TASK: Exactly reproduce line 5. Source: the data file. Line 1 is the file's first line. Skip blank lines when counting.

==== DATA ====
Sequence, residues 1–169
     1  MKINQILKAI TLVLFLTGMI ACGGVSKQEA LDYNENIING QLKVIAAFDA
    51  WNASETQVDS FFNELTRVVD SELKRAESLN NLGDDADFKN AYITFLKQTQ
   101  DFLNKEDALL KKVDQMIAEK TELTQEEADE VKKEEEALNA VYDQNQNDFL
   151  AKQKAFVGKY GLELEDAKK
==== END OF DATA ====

   151  AKQKAFVGKY GLELEDAKK